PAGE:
Studies Finds Port Jackson Sharks Follow Jazz & Hang Out With Their Mates
It seems sharks are into jazz and like hanging out with their mates.
Researchers at Macquarie University in Sydney, Australia, have been looking at the behaviour of the locally endemic Port Jackson shark.
One study discovered that the small, bottom-dwelling shark can quickly be trained to associate the sound of jazz music with a food reward.
'Sharks are generally underestimated when it comes to learning abilities – most people see them as mindless, instinctive animals,' said lead author Catarina Vila-Pouca from the Department of Biological Sciences.
'However, they have really big brains and are obviously much smarter than we give them credit for.'
Another study at the university's Fish Lab has also discovered the species also shows very strong preferences for particular individuals in their social networks over years, and prefer to hang out with others of the same sex and size.
The study, which involved tagging Port Jackson sharks (Heterodontus portusjacksoni), was conducted in Jervis Bay in New South Wales, Australia.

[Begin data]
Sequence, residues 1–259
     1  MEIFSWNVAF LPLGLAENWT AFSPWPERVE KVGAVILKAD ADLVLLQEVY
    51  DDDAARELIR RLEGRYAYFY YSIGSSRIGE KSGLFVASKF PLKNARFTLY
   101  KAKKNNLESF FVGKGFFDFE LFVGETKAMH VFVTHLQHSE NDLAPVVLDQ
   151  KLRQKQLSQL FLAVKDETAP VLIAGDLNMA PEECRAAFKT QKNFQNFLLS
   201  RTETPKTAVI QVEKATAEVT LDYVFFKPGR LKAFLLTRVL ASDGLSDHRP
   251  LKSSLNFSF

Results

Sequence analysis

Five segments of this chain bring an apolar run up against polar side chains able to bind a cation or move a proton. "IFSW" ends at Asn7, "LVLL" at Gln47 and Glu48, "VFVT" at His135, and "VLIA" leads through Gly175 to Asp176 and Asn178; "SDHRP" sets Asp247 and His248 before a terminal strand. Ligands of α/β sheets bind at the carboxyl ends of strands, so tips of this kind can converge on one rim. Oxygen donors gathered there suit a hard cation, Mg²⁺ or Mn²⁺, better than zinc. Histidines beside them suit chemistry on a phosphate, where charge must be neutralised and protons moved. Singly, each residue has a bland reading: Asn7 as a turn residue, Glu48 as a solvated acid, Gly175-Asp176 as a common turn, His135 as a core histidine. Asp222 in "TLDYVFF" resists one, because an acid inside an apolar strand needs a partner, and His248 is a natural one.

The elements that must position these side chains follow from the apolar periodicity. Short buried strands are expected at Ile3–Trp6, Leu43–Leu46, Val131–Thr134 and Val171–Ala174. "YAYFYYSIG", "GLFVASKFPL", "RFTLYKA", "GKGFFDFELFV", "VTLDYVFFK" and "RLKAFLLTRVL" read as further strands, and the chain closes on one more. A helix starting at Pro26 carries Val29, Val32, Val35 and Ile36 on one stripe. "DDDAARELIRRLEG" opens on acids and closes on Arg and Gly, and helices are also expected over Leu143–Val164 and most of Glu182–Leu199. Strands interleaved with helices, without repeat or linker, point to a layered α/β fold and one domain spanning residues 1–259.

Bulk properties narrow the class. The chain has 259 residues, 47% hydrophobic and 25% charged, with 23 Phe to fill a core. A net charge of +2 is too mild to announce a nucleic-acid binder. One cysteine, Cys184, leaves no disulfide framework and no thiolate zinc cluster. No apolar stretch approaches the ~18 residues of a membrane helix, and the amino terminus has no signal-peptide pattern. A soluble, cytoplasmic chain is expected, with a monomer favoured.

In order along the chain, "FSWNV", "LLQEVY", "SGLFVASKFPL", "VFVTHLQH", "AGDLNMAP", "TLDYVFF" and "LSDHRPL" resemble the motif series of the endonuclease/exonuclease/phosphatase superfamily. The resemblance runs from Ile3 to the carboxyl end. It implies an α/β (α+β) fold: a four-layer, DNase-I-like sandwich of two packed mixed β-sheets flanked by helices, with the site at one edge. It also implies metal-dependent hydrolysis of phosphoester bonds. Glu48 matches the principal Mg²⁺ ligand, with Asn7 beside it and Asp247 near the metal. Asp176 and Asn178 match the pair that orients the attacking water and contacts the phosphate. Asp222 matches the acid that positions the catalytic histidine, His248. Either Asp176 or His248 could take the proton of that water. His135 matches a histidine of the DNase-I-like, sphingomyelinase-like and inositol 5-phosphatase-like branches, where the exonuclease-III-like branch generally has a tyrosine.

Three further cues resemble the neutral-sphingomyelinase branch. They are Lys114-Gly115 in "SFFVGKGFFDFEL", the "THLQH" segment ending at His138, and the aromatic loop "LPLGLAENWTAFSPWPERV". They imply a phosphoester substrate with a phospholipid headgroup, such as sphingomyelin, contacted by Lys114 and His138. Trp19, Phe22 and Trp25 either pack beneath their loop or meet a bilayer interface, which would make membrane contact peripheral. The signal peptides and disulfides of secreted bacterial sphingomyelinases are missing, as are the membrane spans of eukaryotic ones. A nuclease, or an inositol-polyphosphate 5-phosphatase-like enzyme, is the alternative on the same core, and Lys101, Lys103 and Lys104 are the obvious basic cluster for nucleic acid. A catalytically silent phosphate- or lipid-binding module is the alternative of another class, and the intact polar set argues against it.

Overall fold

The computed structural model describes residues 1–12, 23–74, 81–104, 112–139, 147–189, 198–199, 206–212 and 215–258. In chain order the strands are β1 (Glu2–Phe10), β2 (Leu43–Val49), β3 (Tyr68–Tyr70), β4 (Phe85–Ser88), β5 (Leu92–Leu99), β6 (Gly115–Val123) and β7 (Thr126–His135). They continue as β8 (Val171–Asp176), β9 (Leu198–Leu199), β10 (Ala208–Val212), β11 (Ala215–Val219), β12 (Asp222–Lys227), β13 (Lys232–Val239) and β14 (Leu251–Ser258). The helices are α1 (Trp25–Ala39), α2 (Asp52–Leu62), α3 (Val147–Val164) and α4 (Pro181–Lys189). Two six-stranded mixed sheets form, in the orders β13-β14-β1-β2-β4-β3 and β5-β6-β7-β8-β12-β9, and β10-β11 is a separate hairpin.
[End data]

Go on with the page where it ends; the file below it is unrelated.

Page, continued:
The bay was chosen because it hosts large seasonal mating aggregations of Port Jackson sharks, where both males and females migrate yearly from their foraging ground in southern Australia to return to the same reef in Jervis Bay to breed.
Proximity loggers were attached to seven individual sharks in 2012, and acoustic receivers, fixed either to the seafloor or to mooring lines in mid-water, allowing for the remote tracking in three dimensions, were deployed in 2012 and 2013.
The researchers found that when the sharks return to their breeding reefs, they do so with incredible accuracy.
By using acoustic tags, the researchers were able to identify individual animals when they were within range of a receiver. By analyzing the time-stamps of these receivers, the researchers can tell who hangs out with who and for how long.